Based on t-tests, there were no significant differences between European and North American study lakes with respect to: A) maximum depth (Zmax) and B) mean depth (Zmean). European lakes, however, had significantly C) lower SA:CA and D) higher mean catchment slopes. European lakes also had higher E) modern total phosphorus measurements and F) historical (ca. 1900 CE) diatom-inferred total phosphorus estimates. We also conducted t-tests on the aforementioned morphometric variables, grouping lakes according to those which showed an increase or decrease in DI-TP post-1945, but failed to detect any significant differences (data not shown).

Our historical analyses of population density (people·km−2) and the spatial extent of croplands (% of total land surface area under crops) in the areas encompassing each of our watersheds show that the North American sites had a much shorter and less intense history of landscape modification over the last three centuries than the European sites (Figure 4). In North America, we found that 100% of sites that showed an increase in DI-TP over the 20th century also experienced a significant increase in human population densities and/or expansion of cropland extent whereas ∼80% of European sites showed congruent increasing trends (Figure 5). In addition, we found that ∼70% of North American lakes that decreased in DI-TP over the 20th century also showed a significant decrease in cropland extent but none of the European lakes showed a decline in DI-TP.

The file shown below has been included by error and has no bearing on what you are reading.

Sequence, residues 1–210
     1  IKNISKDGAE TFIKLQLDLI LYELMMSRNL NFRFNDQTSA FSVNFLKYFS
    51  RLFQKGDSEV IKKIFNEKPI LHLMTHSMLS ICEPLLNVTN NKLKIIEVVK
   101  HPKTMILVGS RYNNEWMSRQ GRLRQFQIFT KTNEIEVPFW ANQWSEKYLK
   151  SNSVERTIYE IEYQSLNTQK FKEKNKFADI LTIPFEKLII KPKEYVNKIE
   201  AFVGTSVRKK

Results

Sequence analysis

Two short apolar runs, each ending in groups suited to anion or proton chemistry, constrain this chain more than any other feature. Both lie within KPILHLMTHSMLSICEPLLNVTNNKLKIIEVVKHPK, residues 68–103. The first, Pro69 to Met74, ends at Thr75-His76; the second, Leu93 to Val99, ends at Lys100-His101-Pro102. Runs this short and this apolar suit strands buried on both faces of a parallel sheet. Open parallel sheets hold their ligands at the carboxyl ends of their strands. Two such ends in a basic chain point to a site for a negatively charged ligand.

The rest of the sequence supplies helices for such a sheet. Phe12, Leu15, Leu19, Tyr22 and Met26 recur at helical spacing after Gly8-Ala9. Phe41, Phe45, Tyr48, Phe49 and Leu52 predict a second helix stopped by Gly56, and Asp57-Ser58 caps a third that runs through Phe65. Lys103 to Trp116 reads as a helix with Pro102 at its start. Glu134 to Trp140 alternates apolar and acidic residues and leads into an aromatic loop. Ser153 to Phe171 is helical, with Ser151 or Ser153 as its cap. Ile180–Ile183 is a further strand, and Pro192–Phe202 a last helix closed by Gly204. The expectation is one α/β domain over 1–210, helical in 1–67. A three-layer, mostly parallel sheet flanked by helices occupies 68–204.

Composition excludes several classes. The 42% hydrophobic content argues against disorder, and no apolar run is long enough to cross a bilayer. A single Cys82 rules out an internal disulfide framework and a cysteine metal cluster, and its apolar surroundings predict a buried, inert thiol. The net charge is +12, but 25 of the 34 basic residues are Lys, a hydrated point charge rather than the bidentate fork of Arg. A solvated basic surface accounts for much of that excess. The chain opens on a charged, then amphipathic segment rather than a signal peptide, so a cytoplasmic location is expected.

Figure 4. Human population densities (A) and cropland extents (B) from 1700–2000 CE.

These data are shown as the average (solid lines) and 95% confidence intervals (dashed lines) of all of our North American (black) and European sites (grey).

Figure 5. Proportion of lakes with congruent trends in population density or cropland extent and DI-TP.

Lakes with congruent trends from 1900–1990 CE were defined as sites where both population density or cropland extent and DI-TP showed a significant trend over time and where these trends followed the same trajectory (i.e. same direction of change). European data are shown as EU DI-TP and North American data are shown as NA DI-TP.